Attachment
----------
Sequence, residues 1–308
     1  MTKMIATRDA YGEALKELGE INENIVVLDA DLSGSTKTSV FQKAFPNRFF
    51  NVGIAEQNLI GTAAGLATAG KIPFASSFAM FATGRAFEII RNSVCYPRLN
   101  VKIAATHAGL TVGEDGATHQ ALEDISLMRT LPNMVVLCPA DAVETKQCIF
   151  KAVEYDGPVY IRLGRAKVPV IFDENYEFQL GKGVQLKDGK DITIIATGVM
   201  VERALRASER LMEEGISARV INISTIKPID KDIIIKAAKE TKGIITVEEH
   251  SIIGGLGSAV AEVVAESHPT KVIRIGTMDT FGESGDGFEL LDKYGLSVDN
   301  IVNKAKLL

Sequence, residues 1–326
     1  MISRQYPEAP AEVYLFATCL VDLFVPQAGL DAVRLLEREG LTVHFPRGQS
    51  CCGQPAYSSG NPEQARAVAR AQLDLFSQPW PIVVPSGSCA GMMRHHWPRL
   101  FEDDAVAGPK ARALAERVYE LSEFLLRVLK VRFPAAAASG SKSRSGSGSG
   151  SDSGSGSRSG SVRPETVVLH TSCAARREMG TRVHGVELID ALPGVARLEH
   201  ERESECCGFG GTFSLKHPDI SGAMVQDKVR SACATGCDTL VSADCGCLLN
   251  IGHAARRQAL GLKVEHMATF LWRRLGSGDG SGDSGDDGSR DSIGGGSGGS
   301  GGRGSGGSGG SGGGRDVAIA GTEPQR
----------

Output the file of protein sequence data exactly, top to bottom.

Sequence, residues 1–308
     1  MTKMIATRDA YGEALKELGE INENIVVLDA DLSGSTKTSV FQKAFPNRFF
    51  NVGIAEQNLI GTAAGLATAG KIPFASSFAM FATGRAFEII RNSVCYPRLN
   101  VKIAATHAGL TVGEDGATHQ ALEDISLMRT LPNMVVLCPA DAVETKQCIF
   151  KAVEYDGPVY IRLGRAKVPV IFDENYEFQL GKGVQLKDGK DITIIATGVM
   201  VERALRASER LMEEGISARV INISTIKPID KDIIIKAAKE TKGIITVEEH
   251  SIIGGLGSAV AEVVAESHPT KVIRIGTMDT FGESGDGFEL LDKYGLSVDN
   301  IVNKAKLL

Sequence, residues 1–326
     1  MISRQYPEAP AEVYLFATCL VDLFVPQAGL DAVRLLEREG LTVHFPRGQS
    51  CCGQPAYSSG NPEQARAVAR AQLDLFSQPW PIVVPSGSCA GMMRHHWPRL
   101  FEDDAVAGPK ARALAERVYE LSEFLLRVLK VRFPAAAASG SKSRSGSGSG
   151  SDSGSGSRSG SVRPETVVLH TSCAARREMG TRVHGVELID ALPGVARLEH
   201  ERESECCGFG GTFSLKHPDI SGAMVQDKVR SACATGCDTL VSADCGCLLN
   251  IGHAARRQAL GLKVEHMATF LWRRLGSGDG SGDSGDDGSR DSIGGGSGGS
   301  GGRGSGGSGG SGGGRDVAIA GTEPQR